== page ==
The Jewish people were still oppressed under Roman rule. And John himself was still sitting in prison. It’s a reasonable question. If Jesus is indeed the one who is to come, why hasn’t anything changed?
That’s not unlike the questions we may ask ourselves, if we dare, two thousand years later. 

Has Jesus really made any difference in the world? The church has certainly made some negative differences, but has the Jesus message really made a difference in history?

We can’t be blamed for doubting. Many of us grew up in Christian traditions that made us feel bad for having any questions or doubts. Christian traditions around the world today are caught up in campaigns of hatred today, looking to be in competition with other faiths, to have LGBTQ+ people imprisoned or worse, and many other atrocities. It’s enough to make some of us occasionally want to abandon the label “Christian” — there’s just too much bad PR.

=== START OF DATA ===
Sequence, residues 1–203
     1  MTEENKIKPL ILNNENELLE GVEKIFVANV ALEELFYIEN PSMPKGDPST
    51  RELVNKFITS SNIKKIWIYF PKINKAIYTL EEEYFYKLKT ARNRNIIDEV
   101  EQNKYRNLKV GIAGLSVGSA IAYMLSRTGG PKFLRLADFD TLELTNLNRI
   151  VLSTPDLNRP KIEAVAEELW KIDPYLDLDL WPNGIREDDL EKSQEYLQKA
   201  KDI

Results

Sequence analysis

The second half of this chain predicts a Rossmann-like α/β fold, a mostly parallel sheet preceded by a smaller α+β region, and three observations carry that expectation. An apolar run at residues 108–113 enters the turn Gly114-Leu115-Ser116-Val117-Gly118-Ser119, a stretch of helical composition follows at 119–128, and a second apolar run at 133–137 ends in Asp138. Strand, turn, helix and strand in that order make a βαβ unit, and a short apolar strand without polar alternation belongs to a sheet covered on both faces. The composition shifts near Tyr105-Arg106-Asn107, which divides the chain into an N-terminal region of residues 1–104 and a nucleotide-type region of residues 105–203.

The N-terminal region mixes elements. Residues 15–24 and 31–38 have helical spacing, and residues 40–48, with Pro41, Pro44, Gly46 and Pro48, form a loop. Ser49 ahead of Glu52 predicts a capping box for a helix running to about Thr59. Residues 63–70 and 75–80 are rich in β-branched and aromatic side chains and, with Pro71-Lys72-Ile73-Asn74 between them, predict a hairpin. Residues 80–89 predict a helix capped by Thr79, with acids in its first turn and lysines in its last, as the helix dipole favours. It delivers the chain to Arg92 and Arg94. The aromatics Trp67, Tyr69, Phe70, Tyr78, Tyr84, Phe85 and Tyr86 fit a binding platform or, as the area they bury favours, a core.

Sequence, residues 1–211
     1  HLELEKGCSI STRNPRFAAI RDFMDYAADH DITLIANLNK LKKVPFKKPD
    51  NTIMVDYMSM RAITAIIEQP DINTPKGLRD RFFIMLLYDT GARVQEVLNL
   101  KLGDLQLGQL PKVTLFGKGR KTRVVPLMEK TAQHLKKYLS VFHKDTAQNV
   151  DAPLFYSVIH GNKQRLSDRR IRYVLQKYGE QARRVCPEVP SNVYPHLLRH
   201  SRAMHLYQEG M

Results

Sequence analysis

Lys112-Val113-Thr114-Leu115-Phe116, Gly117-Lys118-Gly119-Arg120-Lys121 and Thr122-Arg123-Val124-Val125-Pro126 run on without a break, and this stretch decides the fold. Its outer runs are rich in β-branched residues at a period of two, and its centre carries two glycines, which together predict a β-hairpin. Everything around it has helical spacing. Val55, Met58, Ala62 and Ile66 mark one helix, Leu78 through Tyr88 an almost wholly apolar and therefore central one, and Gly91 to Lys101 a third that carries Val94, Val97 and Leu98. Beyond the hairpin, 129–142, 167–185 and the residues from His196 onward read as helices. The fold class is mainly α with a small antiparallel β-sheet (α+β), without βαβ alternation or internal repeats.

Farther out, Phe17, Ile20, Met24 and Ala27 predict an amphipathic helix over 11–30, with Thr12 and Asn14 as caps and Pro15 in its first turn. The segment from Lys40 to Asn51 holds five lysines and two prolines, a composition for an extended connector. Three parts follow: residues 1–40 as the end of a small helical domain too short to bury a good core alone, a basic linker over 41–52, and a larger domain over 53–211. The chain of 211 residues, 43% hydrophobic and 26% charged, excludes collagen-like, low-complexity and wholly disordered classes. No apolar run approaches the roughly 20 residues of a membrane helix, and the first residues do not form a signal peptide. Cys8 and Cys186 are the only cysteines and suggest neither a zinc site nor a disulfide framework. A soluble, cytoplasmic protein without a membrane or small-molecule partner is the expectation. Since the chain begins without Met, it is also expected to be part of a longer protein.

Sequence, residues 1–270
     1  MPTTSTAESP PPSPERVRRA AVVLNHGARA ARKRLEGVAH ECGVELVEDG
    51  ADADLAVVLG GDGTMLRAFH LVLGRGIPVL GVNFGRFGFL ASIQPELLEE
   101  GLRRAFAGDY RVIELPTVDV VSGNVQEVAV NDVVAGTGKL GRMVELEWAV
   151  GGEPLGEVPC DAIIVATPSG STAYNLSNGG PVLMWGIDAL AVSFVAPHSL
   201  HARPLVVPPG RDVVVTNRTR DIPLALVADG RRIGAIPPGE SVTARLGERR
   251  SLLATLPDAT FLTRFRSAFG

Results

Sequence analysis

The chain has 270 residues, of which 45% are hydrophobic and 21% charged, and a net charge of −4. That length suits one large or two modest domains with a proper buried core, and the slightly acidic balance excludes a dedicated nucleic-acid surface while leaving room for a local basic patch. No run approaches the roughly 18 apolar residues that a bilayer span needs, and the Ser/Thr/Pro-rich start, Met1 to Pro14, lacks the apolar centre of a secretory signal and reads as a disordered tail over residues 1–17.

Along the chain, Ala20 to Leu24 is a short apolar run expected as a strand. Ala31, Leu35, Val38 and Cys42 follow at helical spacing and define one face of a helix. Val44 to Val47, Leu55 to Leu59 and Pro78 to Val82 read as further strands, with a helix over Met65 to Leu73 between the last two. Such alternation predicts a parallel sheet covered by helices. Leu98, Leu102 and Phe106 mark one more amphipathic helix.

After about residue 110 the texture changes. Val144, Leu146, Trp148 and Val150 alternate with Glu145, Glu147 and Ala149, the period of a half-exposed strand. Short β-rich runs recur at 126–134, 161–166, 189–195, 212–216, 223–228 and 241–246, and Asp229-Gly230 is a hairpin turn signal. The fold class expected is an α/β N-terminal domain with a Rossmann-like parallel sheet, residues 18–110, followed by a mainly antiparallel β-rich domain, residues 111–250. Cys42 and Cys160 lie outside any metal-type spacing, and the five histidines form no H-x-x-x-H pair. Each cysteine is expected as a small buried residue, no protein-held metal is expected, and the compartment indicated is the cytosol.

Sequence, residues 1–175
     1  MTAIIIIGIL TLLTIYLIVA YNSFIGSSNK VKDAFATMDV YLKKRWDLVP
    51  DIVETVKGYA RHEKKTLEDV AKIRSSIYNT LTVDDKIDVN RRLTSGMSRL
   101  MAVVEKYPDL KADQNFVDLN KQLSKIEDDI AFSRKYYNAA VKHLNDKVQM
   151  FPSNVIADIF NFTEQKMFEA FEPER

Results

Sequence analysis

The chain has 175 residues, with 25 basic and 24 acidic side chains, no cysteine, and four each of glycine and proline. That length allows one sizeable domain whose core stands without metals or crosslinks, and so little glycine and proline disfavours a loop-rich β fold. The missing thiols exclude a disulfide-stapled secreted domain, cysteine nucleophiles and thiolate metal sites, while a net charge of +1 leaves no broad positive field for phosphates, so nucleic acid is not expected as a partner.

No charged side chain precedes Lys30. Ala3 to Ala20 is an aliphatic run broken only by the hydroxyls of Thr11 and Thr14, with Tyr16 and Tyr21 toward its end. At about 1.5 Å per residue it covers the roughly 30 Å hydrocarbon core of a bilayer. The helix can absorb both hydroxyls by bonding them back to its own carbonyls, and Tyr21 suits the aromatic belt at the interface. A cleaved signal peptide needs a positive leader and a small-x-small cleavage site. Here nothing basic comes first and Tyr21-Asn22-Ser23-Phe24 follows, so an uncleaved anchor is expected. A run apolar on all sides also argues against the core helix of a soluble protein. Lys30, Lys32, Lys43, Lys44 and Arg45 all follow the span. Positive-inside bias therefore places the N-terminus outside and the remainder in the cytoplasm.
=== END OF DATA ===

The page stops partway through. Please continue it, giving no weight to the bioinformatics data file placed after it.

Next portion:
Even when I tell people I’m a pastor, I feel immediately obligated to tell them that I’m not one of those pastors, as if they don’t already know by looking at me. 

In her book Searching for Sunday, late author Rachel Held Evans decries the abuses of the church, each with the liturgical refrain, “Lord have mercy. Christ have mercy.” 

But then. 

She begins a list of thanksgivings for the times that we, as a people, have gotten it right.